Interview: NKLA Executive Director Marc Peralta

marc-peraltaWhen Marc Peralta took the reins of Best Friends Animal Society’s No-Kill Los Angeles (NKLA) campaign, he knew he’d be working to end euthanasia at animal shelters in one of the world’s largest cities. But he never imagined the move would also bring both a fiancée and a new furry friend into his life.

Three years later, Peralta — a golden boy in the animal welfare world if there ever was one — is a fixture on national TV and social media, as well as press events, industry conferences and fundraisers. Never far from his side both on and off-camera are fiancée Kristen McManus — whom he met at a NKLA adoption event – and at least one of the pair’s four dogs: Pugs Shorty, Asher and Milton (the newbie), and Pit Bull Clarence.

“All my dogs come to work with me — it’s rare to see me without one of them,” says Peralta. “Dogs are great ice breakers and wonderful ambassadors. I use them as a secret weapon to talk to people.”

Not that he needs much help; if there’s one thing Peralta is passionate about, it is the no-kill mission. Though it’s a movement 30 years in the making, Peralta is giving it new life. Under his leadership, NKLA has reduced euthanasia in city shelters from 23,000 annually to 12,000 — a historic low in LA.

“If a huge city like LA can do it, anyone can do it,” Peralta says. “NKLA is the future. We’re rethinking the system.”

If saving tens of thousands of animals’ lives sounds like a monumental task, that’s because it is. But Peralta says his ability to “unplug” while off-duty is a huge factor in avoiding burnout — and his pack of pups help him do it.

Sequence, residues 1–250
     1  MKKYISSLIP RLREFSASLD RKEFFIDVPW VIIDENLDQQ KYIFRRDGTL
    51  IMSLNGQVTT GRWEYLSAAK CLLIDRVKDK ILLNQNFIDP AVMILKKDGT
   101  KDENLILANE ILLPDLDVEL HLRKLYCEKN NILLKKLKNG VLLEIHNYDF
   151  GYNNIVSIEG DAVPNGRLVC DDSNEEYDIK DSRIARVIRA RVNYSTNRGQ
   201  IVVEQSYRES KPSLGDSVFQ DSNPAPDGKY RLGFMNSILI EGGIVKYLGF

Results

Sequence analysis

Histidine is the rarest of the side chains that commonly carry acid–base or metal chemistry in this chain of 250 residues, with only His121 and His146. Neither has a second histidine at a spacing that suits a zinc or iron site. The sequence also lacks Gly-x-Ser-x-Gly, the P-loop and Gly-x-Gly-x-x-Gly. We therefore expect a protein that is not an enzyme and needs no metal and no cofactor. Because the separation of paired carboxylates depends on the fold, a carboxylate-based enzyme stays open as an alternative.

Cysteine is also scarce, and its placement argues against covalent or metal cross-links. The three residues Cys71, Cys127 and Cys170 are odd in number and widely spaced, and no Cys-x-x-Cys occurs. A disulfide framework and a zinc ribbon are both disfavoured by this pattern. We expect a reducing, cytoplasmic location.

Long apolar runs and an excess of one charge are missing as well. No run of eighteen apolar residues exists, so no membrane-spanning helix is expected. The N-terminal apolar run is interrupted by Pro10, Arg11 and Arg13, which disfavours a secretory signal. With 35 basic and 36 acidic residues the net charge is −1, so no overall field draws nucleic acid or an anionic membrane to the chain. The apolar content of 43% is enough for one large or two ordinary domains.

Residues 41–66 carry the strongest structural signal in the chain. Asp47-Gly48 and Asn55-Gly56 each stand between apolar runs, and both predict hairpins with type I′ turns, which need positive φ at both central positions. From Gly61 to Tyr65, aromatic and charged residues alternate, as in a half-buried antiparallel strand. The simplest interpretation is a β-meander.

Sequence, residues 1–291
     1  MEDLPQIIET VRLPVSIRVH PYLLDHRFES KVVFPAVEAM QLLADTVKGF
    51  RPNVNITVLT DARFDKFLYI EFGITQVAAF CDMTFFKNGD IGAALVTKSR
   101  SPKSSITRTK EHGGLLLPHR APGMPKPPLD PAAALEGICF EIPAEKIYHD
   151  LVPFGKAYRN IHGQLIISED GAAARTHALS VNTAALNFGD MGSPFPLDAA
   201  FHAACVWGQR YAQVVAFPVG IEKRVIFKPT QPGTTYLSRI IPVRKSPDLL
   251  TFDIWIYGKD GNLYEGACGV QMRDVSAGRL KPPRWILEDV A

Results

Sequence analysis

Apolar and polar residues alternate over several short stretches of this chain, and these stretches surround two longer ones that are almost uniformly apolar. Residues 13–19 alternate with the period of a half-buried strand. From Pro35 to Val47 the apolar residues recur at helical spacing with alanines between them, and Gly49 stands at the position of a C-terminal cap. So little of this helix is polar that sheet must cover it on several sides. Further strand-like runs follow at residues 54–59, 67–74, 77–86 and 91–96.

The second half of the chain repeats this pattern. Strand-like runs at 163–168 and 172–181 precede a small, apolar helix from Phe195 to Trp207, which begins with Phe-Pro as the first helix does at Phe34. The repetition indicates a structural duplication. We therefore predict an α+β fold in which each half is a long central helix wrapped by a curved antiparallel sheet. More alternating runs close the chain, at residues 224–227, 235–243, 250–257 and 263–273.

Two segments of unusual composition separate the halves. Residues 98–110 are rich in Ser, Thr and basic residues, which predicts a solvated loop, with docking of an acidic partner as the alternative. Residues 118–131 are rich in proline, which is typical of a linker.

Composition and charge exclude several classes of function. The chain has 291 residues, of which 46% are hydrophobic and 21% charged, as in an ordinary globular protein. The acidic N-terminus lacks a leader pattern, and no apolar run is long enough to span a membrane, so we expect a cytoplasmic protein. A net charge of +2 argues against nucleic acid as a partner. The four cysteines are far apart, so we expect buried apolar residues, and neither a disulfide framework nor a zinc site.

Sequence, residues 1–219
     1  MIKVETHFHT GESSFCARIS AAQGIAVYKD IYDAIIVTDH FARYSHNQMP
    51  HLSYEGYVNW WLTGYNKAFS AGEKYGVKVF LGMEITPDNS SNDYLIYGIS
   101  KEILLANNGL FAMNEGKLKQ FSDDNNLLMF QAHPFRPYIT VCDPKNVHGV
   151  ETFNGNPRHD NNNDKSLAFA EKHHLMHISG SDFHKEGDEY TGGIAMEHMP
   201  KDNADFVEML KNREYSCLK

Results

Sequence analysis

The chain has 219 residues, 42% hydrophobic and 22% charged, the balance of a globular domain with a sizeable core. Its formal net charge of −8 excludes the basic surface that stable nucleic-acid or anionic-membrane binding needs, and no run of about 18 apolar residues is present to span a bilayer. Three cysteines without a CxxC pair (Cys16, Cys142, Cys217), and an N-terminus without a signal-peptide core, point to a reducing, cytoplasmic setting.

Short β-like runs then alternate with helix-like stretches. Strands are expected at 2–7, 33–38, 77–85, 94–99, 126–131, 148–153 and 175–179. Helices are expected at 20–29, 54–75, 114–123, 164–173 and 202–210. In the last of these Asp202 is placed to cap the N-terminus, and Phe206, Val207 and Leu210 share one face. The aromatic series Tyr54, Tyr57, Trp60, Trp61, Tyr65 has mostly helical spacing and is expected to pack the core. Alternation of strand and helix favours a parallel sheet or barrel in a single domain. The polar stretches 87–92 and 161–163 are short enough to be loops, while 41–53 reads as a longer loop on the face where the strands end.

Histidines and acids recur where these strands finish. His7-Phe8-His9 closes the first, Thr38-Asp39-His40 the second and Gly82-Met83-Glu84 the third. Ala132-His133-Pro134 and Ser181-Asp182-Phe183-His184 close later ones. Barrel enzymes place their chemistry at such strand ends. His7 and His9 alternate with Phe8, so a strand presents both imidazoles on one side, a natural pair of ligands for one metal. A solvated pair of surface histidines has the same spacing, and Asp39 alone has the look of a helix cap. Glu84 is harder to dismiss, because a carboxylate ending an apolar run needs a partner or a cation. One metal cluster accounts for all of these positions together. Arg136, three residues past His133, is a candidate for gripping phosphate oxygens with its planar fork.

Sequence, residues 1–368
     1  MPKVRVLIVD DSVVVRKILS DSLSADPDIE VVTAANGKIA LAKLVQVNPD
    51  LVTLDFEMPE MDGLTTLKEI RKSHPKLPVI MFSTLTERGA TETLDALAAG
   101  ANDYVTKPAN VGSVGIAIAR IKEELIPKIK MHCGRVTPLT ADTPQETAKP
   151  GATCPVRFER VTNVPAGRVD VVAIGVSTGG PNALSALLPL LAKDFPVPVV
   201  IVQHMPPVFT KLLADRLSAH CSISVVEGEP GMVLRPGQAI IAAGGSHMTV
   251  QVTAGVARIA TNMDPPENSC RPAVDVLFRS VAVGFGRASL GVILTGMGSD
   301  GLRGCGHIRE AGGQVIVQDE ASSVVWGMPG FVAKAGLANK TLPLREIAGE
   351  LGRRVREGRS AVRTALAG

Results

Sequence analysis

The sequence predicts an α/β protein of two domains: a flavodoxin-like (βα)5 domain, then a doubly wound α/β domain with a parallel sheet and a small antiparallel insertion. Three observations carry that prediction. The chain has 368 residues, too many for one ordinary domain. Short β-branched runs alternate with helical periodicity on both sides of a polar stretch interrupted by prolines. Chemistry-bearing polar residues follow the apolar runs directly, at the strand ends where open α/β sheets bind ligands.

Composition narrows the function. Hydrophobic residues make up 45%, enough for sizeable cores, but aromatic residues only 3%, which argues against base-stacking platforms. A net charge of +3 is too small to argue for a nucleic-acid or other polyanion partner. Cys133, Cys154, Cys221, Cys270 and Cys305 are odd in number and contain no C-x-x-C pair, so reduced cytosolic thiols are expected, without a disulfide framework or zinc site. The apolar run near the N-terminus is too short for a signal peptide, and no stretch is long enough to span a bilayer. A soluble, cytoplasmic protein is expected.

“I give 100% when I’m at work, but my pets absolutely help me decompress. If I want to chill at home and watch House of Cards all day long, they are happy to do so,” he chuckles.

While binge-watching Netflix is a pet pastime, Peralta says the dogs also enjoy walks, playing at the beach, dining out and even grocery shopping. “[Kristen and I] love them being a part of our everyday lives — they’re like our little kids.”

Parents aren’t supposed to play favorites, but Shorty – the pup Peralta has had the longest – holds a special piece of his heart.

“Everybody has that animal who changed their life, and Shorty is the one for me,” says Peralta. And though he affectionately calls Shorty his Lexus for being “super expensive,” it’s clear he considers his best buddy to be priceless.

After Shorty swallowed a rock last year at the Best Friends 30th anniversary party, he needed surgery – but not just to remove the foreign body he swallowed. Like many snub-nosed breeds, Pugs often benefit from soft palate surgery to clear their airways, and Shorty was no different.

“It was a huge procedure and I was terrified, but $3,000 later the rock is gone, he’s breathing better and his shorter palate can actually prolong his life. It was really a blessing in disguise,” Peralta says.

Shorty, Asher, Milton and Clarence certainly struck gold the day they found their dad, but Peralta says they’ve brought as much to his life as he has to theirs.

“Animals push me to be better. I was a work in progress for a very long time, but I’ve gained so much perspective,” he says. “When you spend your life helping something in need, it teaches you a lot about compassion and gives you a sense of purpose. I’ve never been happier with the dude in the mirror.”

Peralta’s next endeavor is of a more personal nature: he and McManus will be married at the Best Friends Animal Sanctuary in September, making the Peralta pack officially a party of six. After the vows are said and bands of gold exchanged, Peralta plans to go back to doing what he does best.

“I’ll be working with animals for the rest of my life, wherever there’s a need and wherever my family takes me,” he says. “I plan to keep doing everything I can to achieve a no-kill city for Los Angeles. The sky is the limit from there.”

— published in fetch! magazine, the “Golden Oldies” issue